Micro-Payments and Online Subscriptions
A year ago, talk of paid news content nearly ceased, making the sudden revival of interest even more surprising. While advertising revenue disappears like never before, influential voices in the industry attempt to turn back the clock. The New York Times and Time magazine have become notable pacesetters. Bill Keller, Executive Editor of the New York Times, hinted at plans to offer less content free of charge. Former Time Editor-in-Chief, Walter Isaacson, raved about micro-payments, saying, “The system fits all media forms: magazines and blogs, games and computer applications, TV news and amateur videos, pornography and policy analyses, citizen journalism reports, recipes from famous cooks and garage band songs.” Not only would traditional media land a chance for survival, micro-payment plans would also support bloggers and amateur journalists. Perhaps the most feasible option would arrive via mouse click, in the form of a payment processing system – one that doesn’t require complicated personal data entries, account numbers or codes. Individual articles might be purchased for 10 or 20 cents rather than the exorbitant €2 some newspaper archives charge today. Online subscriptions, currently offered by the Wall Street Journal and smaller local papers like Idaho Falls’ Post Register, seem to be in fashion once again. Post Register publisher Roger Plothow explains, “Today more than 100 newspapers have online subscriptions and the number is growing.” Similar to monthly rates for television packages or cable, the introduction of a flat fee for online news access is also in the works.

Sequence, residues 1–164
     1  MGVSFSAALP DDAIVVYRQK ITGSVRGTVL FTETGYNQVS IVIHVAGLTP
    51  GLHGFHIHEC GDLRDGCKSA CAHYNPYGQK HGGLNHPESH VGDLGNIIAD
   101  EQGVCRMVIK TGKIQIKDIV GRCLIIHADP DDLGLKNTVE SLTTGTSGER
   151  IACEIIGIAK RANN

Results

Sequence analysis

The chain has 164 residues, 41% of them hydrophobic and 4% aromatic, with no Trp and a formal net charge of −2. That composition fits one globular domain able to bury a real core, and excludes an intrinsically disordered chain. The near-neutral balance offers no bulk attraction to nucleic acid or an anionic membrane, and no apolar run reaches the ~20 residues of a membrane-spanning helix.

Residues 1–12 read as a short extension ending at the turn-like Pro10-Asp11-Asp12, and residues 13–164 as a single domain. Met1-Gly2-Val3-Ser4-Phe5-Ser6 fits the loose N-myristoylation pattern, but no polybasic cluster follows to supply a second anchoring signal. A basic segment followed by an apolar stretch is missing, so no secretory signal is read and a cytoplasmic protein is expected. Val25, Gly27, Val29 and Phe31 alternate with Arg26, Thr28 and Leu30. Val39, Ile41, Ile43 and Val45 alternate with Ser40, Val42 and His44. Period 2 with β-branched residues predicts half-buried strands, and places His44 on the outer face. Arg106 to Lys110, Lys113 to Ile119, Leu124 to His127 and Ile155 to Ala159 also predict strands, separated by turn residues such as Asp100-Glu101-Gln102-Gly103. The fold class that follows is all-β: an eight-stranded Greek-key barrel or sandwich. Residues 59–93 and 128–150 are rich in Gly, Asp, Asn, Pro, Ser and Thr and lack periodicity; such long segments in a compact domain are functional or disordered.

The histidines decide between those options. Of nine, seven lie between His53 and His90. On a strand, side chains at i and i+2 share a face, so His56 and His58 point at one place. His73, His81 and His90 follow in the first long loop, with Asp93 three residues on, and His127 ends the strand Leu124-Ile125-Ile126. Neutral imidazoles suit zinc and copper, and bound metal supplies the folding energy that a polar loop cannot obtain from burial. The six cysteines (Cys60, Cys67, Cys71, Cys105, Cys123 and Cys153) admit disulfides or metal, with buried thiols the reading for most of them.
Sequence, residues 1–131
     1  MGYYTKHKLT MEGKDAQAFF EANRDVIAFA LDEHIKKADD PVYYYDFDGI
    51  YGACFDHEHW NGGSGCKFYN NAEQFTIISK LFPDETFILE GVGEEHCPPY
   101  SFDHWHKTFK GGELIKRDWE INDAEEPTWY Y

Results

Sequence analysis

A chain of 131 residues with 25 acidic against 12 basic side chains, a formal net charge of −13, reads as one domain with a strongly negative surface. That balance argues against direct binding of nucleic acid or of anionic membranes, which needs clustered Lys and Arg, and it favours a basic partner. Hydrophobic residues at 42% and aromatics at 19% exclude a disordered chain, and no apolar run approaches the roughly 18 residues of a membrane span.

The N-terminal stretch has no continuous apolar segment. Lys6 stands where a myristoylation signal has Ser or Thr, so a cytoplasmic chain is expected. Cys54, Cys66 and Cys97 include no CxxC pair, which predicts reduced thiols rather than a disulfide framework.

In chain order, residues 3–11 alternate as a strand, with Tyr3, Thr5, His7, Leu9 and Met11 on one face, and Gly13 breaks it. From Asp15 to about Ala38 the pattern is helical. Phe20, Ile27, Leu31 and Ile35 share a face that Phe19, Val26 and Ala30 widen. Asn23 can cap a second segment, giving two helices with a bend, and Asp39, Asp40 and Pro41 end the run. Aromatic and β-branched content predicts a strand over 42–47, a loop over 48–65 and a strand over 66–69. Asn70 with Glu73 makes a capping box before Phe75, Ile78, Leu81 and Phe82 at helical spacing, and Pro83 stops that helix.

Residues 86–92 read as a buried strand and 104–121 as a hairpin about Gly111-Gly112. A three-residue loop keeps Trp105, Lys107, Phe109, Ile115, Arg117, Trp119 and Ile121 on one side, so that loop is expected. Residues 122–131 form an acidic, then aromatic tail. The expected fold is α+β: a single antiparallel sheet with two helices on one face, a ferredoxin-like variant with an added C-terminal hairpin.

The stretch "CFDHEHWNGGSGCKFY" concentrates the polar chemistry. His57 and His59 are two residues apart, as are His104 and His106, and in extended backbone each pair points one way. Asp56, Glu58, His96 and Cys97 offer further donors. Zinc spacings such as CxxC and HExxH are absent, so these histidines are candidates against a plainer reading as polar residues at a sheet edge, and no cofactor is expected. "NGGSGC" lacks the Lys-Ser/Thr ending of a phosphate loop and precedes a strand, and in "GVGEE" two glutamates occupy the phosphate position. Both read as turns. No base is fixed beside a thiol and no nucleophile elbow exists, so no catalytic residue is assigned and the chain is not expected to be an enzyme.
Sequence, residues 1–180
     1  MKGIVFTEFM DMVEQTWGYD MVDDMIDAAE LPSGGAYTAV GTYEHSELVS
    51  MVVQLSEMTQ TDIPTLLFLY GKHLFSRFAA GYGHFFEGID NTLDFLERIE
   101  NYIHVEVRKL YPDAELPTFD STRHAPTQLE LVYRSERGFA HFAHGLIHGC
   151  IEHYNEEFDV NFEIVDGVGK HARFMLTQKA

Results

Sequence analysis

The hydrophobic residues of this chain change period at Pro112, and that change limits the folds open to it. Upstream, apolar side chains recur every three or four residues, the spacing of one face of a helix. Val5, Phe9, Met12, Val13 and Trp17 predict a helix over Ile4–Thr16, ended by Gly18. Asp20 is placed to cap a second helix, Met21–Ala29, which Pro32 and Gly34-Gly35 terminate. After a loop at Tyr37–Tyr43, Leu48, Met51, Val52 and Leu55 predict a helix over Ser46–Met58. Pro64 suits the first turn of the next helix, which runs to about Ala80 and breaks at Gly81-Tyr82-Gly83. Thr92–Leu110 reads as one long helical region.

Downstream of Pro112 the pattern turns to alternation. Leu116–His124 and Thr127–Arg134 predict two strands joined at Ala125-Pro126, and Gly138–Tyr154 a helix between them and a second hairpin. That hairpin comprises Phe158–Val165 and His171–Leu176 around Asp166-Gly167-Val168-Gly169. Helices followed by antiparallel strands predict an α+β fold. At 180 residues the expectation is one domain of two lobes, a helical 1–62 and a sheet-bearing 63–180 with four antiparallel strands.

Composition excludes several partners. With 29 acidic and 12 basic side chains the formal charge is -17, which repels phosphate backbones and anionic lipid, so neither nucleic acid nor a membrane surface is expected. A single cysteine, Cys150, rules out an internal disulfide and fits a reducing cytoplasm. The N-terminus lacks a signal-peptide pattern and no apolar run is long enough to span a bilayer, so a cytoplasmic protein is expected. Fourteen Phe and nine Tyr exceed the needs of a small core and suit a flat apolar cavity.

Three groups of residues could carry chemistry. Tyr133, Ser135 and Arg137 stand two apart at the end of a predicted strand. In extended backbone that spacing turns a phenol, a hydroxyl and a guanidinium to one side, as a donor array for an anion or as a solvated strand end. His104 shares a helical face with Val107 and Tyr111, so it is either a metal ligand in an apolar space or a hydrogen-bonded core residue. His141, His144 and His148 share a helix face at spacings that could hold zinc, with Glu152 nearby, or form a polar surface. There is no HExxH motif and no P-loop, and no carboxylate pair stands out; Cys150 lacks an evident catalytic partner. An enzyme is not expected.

Readers Share Ownership
Another promising solution lies in the prospect of making readers into co-owners. Despite the presence of societal prerequisites, this concept is hardly discussed in the U.S., and far more Europeans take part in the economic system as shareholders. For years, Berlin’s left-wing alternative paper taz set the idea in motion, demonstrating success in collecting funds from its faithful readership. This is a propitious model where close ties exist between a newspaper and its readership. Mammoth papers like the New York Times, Frankfurter Allgemeine, and Neue Züricher Zeitung, however, will find audiences too diverse to allow for the organization of such unified actions. Economists like Mancur Olson found that willingness to contribute is more likely in small social networks than in large ones, where free-riding and the exploitation of third parties is prevalent.